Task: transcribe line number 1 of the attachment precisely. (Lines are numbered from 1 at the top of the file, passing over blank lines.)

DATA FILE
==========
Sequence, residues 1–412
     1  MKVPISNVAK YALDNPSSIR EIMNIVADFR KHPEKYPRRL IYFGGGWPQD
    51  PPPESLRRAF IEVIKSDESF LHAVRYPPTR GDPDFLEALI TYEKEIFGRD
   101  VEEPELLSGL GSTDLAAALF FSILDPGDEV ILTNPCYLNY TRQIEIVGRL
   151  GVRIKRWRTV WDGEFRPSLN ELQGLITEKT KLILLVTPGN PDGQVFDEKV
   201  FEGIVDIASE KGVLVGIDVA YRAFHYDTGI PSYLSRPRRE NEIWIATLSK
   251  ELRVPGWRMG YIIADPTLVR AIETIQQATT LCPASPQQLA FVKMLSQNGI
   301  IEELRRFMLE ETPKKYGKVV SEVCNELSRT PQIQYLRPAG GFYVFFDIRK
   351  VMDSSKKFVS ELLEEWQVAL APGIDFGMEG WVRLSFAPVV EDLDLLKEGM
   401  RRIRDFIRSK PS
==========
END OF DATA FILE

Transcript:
Sequence, residues 1–412